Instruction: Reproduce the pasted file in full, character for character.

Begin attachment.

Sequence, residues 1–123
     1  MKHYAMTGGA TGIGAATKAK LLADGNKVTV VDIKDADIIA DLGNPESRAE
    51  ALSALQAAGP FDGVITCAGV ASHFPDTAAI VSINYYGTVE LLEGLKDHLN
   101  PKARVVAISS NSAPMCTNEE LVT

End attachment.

Sequence, residues 1–123
     1  MKHYAMTGGA TGIGAATKAK LLADGNKVTV VDIKDADIIA DLGNPESRAE
    51  ALSALQAAGP FDGVITCAGV ASHFPDTAAI VSINYYGTVE LLEGLKDHLN
   101  PKARVVAISS NSAPMCTNEE LVT